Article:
Lifting the burden of death certification fees

In 2014 the average cost of a funeral in Scotland was 3,240. Picture: Sandy Young
In 2014 the average cost of a funeral in Scotland was 3,240. Picture: Sandy Young
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New law makes funeral planning easier, writes Logan Steele

We’ve all experienced that moment, when an older relative exclaims that they won’t be here for long and the profound discomfort that moment affords.

Death is an uncomfortable subject, and rightly so. To be supported by the ones that we love is a profound human need and to contemplate a time without them is something many of us choose not to do.

Few of us would relish the chance to hold an open conversation about what is yet to pass, yet “funeral poverty” is of increasing concern to policymakers as rising costs push more and more people into debt.

The national funeral funding shortfall now stands at a record level of around £131 million, so it’s a matter that we simply can’t afford to ignore.

At Age Scotland Enterprises we’re starting to see a shift in attitudes with more people willing to confront the practicalities of taking matters into their own hands and planning ahead. While a sensitive matter, taking steps to plan ahead can be a very positive and life-affirming process.

In 2014 the average cost of a funeral in Scotland was £3,240 – this number still surprises many people. This cost is set to rise year-on-year.

In addition to this, many people are unaware of the other costs associated with the moment a family member passes away.

Research has shown that the largest increases in costs are found in the basic, unavoidable fees linked to holding a funeral in Scotland. These include funeral directors’ costs, doctors’ fees, ministers’ fees and burial or cremation costs.

It is heart-breaking to hear stories of families who are already struggling financially and unable to pay these costs, consequently accruing large debts to meet this expenditure.

With the Death Certificate Reform and the Coroners and Justice Act 2009 having been passed through the Scottish Parliament, it was welcome news when it was announced that doctors’ fees for these certificates are no longer required to be paid in Scotland.

From now on, whether referred to a doctor or a coroner, the costs for certifying the death will be paid for by the Scottish Government.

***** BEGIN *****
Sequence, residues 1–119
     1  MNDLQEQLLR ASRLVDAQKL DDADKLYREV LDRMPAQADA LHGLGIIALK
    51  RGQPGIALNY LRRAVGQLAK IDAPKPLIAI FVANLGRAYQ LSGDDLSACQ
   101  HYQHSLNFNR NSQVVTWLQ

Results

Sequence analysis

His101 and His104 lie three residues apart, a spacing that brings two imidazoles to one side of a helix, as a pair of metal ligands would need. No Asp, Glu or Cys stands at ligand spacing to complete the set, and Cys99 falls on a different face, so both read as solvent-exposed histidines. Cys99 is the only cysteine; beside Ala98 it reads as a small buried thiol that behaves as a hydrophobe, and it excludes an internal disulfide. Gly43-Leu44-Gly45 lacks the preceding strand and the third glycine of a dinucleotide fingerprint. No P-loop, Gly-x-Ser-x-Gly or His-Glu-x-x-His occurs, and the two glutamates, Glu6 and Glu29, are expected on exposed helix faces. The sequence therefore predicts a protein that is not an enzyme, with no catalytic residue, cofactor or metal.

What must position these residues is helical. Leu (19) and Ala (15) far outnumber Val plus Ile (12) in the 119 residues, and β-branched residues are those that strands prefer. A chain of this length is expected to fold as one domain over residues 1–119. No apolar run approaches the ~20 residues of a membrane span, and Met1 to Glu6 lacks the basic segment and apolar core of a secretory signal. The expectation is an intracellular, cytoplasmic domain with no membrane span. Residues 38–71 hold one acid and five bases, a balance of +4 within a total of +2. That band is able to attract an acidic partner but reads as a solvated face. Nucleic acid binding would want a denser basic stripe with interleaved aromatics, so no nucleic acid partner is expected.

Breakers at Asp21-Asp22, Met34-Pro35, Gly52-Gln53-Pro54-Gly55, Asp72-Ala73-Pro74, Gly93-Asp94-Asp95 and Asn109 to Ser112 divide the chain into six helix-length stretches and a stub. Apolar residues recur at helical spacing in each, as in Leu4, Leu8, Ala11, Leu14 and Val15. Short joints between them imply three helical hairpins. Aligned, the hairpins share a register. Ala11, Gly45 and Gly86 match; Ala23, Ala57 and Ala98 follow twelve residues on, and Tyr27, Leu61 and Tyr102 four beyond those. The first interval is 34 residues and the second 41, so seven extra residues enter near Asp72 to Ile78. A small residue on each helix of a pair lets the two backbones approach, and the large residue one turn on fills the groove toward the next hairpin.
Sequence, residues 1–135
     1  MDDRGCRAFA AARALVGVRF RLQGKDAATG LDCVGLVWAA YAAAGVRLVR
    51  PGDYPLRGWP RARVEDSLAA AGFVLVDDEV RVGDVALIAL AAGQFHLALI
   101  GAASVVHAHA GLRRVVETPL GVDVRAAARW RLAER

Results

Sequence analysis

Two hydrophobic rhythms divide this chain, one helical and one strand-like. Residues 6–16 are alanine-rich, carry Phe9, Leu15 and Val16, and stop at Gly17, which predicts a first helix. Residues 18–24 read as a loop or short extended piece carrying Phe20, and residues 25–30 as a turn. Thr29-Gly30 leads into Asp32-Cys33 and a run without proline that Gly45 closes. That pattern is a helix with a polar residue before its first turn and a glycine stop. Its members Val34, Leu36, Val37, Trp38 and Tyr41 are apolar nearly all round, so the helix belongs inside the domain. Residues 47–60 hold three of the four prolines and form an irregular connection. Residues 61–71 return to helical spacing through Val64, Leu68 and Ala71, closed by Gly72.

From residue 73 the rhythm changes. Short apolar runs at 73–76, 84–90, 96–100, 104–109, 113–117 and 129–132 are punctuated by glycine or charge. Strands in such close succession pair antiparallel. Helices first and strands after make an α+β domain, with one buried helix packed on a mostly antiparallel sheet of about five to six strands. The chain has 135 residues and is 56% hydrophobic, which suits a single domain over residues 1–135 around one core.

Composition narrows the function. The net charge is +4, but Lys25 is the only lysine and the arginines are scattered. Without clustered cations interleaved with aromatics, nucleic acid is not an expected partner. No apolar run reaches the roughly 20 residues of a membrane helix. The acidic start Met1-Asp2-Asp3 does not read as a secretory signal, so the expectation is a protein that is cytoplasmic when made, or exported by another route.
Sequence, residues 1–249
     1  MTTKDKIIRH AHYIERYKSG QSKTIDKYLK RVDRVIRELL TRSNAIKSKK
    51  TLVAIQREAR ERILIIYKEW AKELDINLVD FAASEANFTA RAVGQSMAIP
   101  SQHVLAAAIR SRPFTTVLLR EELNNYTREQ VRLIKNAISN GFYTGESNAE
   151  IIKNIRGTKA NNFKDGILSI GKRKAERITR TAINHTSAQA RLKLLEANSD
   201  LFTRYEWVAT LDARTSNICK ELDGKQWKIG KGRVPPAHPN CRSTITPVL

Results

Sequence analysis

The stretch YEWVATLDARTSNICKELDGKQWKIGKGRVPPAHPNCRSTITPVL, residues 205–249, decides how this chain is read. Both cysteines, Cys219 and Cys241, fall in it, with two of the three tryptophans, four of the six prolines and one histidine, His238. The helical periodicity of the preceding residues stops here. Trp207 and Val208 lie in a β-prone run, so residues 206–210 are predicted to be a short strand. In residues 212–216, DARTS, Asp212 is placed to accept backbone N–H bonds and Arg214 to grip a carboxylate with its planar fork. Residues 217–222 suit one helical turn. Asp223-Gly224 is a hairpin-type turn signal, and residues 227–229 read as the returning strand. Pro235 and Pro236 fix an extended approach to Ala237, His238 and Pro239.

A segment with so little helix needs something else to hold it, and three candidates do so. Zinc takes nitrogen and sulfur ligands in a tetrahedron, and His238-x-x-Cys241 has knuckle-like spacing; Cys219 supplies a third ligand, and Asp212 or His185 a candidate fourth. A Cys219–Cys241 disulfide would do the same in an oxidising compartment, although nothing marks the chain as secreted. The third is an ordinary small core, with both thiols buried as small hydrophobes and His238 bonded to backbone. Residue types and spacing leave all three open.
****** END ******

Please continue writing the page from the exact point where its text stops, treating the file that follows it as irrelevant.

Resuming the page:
These changes have now had an effect on our approach to funeral planning too. As a result of this new legislation, Dignity Caring Funeral Services, the provider of Age Scotland Enterprises’ Funeral Plans, has removed the cost for a doctor’s medical certificate from its fees.

Indeed, this process has prompted a number of other changes to its plans. For example, plan prices will now be reduced by £160 following the removal of the Doctors Medical Certificate and all customers who have bought an applicable Age Scotland Funeral Plan held with Dignity will be offered a refund for that amount.

It’s the right thing to do.

In essence, this means that around £640,000 will be refunded to those who have bought an applicable Age Scotland Funeral Plan through Dignity in Scotland.

We have shared our thinking with the Funeral Planning Authority in a bid to help formulate a model for the industry in the future. It is hoped that others will follow suit, being more transparent and reducing confusion around “hidden” costs for consumers.

Enabling people to make the most of later life means ensuring older people in particular have access to the relevant information and products that will allow them to do just that.

Central to this is clarity and simplicity – I hope the industry as a whole will take this on board.

At Age Scotland, our goal is to create a Scotland where everyone can love later life and this includes how we talk about the end of life. To give families the financial security with funeral-planning allows them to focus on what matters most, celebrating the life of our loved ones.

Logan Steele is general manager of Age Scotland Enterprises

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